There are a lot of ponies running around in Dartmoor National Park in southwest England, but very few of them are actually of the Dartmoor breed. Since the turn of the millennium, Dartmoor has been a favorite dumping ground for horses and ponies of all types. Many Dartmoors no longer live on the windy, wet moorland of their ancestors and now spend their lives in barns and pastures. There are worse fates for a pony.
Dartmoors now thrive in America and several parts of Europe, although part-breds are in demand as riding ponies for larger children and small adults. Although now living the privileged life, Dartmoors are still intelligent, calm and nimble enough to be competitive in many sports, including jumping events.
Some could argue that the Dartmoor is extinct, since the breed has been so close to extinction that several other pony breeds were introduced in order to save it. However, all horse breeds contain the genetic material of every other horse breed, although most of it lies dormant. No matter how pure a Dartmoor pony is, they are still excellent animals with plenty of character and charm.
According to “International Encyclopedia of Horse Breeds” (University of Oklahoma Press, 1995), the oldest mention of a Dartmoor pony in history was described in a will of a Saxon Bishop written in 1012. Like most pony breeds in the UK, they were left outside year round and rarely given any supplemental feed in the winter. They were caught when needed. This turned any surviving breed into a tough, resourceful animal.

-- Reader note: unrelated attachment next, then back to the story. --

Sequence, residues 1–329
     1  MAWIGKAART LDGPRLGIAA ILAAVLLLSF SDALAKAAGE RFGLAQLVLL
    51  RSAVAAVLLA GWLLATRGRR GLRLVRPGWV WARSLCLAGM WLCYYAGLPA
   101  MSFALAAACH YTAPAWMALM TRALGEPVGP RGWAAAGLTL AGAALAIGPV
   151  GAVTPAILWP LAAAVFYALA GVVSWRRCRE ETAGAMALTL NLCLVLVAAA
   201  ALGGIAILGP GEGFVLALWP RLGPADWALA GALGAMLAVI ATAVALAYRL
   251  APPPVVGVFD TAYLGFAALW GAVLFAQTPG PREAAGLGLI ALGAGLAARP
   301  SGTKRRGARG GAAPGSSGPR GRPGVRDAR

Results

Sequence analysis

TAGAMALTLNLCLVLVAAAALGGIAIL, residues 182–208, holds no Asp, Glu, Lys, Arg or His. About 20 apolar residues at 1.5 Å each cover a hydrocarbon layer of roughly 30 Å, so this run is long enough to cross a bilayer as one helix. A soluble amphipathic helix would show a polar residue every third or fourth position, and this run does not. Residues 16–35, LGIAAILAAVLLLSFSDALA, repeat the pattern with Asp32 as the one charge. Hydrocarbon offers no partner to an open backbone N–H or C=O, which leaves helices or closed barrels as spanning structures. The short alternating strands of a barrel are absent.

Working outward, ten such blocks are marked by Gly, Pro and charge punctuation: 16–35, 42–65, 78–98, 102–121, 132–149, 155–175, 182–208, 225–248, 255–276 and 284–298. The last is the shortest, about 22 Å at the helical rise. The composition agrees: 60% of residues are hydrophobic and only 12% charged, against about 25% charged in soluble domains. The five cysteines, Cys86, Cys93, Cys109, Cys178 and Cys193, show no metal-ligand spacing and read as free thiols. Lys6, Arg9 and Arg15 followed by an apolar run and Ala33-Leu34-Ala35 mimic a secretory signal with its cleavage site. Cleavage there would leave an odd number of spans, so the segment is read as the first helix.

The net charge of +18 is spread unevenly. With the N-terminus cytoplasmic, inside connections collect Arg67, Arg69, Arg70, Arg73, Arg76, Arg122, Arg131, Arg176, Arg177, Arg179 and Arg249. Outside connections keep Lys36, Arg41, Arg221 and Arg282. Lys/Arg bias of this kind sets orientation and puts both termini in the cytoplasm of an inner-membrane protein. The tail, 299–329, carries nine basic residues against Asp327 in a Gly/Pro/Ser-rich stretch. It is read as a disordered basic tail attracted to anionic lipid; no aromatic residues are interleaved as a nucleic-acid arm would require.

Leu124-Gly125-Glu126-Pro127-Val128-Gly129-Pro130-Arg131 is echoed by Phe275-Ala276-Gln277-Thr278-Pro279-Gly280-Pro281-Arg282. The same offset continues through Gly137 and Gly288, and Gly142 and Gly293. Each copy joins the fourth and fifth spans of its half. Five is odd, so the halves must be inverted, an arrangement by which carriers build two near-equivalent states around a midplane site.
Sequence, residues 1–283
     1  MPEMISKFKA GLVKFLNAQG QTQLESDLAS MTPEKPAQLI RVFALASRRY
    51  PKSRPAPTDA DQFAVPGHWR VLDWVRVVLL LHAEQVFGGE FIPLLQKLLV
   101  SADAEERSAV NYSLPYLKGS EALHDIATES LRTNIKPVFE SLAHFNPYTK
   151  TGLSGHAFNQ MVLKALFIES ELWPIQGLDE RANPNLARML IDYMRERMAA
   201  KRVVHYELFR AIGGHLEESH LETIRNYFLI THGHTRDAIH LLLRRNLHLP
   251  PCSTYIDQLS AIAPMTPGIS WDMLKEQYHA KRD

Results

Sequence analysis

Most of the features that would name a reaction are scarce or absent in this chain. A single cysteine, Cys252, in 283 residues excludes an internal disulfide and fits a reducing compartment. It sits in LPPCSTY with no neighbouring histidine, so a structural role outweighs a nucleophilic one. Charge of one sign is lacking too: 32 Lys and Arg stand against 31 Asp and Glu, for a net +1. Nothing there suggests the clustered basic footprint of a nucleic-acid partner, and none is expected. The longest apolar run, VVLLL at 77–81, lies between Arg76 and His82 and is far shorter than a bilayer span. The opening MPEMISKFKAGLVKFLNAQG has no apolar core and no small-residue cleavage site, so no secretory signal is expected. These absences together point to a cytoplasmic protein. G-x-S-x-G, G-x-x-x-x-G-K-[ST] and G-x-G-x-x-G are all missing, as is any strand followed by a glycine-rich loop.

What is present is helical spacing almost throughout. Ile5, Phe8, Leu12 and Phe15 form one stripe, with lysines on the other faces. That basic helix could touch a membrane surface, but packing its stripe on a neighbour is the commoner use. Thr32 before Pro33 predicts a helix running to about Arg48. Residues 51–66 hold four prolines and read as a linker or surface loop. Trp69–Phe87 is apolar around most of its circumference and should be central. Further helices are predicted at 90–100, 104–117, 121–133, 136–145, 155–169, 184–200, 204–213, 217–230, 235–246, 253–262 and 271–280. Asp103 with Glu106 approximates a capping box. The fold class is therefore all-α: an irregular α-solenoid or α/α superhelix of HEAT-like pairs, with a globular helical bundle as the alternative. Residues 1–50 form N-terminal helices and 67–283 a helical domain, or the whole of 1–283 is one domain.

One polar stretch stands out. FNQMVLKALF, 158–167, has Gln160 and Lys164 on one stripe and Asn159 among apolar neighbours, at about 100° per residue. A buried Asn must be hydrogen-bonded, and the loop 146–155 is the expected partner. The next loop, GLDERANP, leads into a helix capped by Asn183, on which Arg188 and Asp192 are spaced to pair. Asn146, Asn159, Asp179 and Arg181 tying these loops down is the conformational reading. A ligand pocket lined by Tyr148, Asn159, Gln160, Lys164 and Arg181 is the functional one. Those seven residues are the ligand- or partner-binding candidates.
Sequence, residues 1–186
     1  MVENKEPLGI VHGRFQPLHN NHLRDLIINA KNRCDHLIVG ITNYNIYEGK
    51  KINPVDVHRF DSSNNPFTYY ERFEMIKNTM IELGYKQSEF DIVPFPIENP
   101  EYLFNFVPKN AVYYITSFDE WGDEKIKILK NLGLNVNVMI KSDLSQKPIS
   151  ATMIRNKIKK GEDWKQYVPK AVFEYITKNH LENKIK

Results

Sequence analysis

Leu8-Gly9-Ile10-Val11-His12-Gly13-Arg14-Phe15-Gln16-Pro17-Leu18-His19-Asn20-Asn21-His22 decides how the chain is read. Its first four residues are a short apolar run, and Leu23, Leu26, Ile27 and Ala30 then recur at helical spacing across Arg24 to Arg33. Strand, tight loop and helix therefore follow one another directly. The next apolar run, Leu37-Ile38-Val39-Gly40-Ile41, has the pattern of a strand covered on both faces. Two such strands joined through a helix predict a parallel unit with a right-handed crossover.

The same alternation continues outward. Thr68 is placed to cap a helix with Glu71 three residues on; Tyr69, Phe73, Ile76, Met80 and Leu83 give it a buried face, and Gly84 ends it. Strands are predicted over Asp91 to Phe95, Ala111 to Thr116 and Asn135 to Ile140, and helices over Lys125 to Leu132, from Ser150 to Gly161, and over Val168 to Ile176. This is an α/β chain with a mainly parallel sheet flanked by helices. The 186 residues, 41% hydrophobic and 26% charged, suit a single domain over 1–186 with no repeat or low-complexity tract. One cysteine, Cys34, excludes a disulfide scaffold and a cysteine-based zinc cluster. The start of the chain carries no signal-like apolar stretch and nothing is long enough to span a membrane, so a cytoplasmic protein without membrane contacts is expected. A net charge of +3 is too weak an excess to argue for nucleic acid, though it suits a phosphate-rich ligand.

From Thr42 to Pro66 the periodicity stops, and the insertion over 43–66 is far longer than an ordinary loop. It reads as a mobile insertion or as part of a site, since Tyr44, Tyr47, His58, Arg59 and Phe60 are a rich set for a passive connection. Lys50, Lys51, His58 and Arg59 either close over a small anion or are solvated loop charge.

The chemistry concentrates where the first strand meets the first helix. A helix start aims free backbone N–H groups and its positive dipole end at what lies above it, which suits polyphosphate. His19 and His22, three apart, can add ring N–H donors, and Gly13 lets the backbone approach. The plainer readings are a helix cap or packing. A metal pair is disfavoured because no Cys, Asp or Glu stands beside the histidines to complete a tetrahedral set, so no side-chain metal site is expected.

Dartmoors were used heavily in the tin mining industry until the mines dried up in the 1800s. The breed was nearly wiped out in the two World Wars. In rebuilding the Dartmoor from the few ponies who remained, small Arabian stallions were used and quite possibly the Fell, Dales, Shetland, Welsh and Connemara.
Dartmoors were first imported to North America in the 1930s and became a big hit as a sporting pony for children. They were also used to create a larger type called Dartmoor Sport Pony.
These are small ponies only averaging about 12 hands high. They come in several solid colors but mostly are shades of bay. Other rarer colors are chestnut, black, roan and grey. White markings are to be very small. They have profuse manes and tails but usually do not have feathering on the lower legs.
The Dartmoor has wide, bright eyes, small ears and small muzzle on a straight profiled head. Their necks are thick and strong. They have sloping shoulders and tail set on fairly high. Often Dartmoors have very tough hooves and may not need shoeing, although they will need to have their hooves trimmed regularly.
“The Ultimate Horse Book.” Elwyn Hartley Edwards. Dorling Kimbersley; 1991.
“International Encyclopedia of Horse Breeds.” Bonnie Hendricks. University of Oklahoma Press; 1995.
“Storey’s Illustrated Guide to 96 Horse Breeds of North America.” Judith Dutson. Storey Publishing; 2005.
Dartmmor Pony Society. “About the Breed.”